If You Could Hear Me
I could not tell you the last time I spoke with you over the phone, but I do remember the last time I saw you. Do you remember the last time we saw each other? We were in Big Bear. I do not recall if it was for Christmas or grandpa’s birthday. Do you remember? It was winter. I do not remember what we did that day or even what we talked about. I do remember that we ate dinner as a family; you, me, Erik, dad and grandpa. After dinner, there was dessert; apple pie and vanilla ice cream. Despite your gastrointestinal issues concerning milk, you served yourself a generous helping of ice cream. We all joked that you would be farting all night and how you would be extra warm under your blankets because you would be hot boxing yourself with your farts. You laughed so much, you knew it was true. It happened many times before. We all laughed and laughed even more because your laugh was so contagious. Erik and I whined to grandpa, “Why did you buy ice cream? You shouldn’t have let Uncle Byron have any! He’s going to be farting all night.” He laughed. So that night, we all fell asleep to the smell of your farts.
I told that same story at your funeral. It’s how I remember you, I guess. Funny. Laughing. Smiling. For that, I am grateful.
The next morning, we packed the cooler with snow from impromptu home made ice packs. It was the last thing we did together. As we prepared to head to our separate destinations, we hugged. It was the last time we hugged. As dad, Erik and I were getting ready to pull out of the driveway, you scurried out of your car and walked up to the driver’s side of our car and dad rolled down the window. You wanted to give money to Erik and I for Christmas. Dad said we had enough. You were always so generous and giving. This is how I’ll remember you for the rest of my life.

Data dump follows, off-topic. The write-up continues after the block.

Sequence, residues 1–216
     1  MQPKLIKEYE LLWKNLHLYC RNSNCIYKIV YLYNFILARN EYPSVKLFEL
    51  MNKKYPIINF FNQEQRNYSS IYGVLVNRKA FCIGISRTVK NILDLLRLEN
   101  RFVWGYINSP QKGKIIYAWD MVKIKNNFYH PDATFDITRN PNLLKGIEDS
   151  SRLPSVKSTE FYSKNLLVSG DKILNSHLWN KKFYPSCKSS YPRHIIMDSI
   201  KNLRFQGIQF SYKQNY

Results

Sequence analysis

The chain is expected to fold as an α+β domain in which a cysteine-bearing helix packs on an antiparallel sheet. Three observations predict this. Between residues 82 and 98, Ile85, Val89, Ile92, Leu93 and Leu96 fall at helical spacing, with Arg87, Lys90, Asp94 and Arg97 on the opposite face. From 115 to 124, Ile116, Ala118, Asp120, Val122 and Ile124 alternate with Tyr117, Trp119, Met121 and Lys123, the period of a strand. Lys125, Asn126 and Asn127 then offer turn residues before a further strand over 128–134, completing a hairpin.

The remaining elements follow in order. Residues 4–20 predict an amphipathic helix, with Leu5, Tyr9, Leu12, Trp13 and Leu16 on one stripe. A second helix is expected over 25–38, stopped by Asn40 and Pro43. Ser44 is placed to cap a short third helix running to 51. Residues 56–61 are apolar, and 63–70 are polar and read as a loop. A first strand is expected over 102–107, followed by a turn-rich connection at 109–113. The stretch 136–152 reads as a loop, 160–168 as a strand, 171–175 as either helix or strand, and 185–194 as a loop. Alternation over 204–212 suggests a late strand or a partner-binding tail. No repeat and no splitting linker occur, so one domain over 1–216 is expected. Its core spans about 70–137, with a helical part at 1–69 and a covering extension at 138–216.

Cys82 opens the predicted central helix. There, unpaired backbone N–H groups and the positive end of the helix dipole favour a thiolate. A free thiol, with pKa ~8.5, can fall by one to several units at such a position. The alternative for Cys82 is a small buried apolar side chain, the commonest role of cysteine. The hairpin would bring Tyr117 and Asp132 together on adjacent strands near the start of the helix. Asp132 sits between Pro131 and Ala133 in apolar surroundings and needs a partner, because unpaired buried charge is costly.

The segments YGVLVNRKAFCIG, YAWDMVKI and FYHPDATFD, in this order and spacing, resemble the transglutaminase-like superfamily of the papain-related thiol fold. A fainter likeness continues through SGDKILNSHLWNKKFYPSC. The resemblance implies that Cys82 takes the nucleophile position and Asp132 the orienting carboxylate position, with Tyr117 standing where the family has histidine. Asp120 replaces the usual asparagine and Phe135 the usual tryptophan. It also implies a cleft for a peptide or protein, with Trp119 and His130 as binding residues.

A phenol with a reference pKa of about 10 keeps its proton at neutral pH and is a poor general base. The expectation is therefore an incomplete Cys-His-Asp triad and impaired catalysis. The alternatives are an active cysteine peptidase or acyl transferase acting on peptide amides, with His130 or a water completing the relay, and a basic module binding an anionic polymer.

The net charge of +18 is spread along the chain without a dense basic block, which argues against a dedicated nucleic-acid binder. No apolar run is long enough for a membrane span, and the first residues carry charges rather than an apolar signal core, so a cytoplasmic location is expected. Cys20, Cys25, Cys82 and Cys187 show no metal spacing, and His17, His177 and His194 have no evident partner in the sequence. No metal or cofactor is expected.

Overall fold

If you could hear me now, I would tell you that I miss you. That we all miss you. If you could hear me now, I would tell you that I understand why you left us. I would tell you, that as days pass I think about you still and wonder how different all of our lives would be if you were still here. If you could hear me, what would it change? You can’t come back.
We have a difficult time, in the family, talking about you. So much has changed now that you’re gone. If you could hear me, I would tell you that we love you so much – and that I strive each day to leave people with the same impressions you left me with. At your funeral, everyone had nothing but wonderful memories of you and how you made them feel. You were wonderful. Generous. Kind. You were so good – too good.
Next time we see each other, I’ll bring a bowl of vanilla ice cream.
If you can hear me, I love you.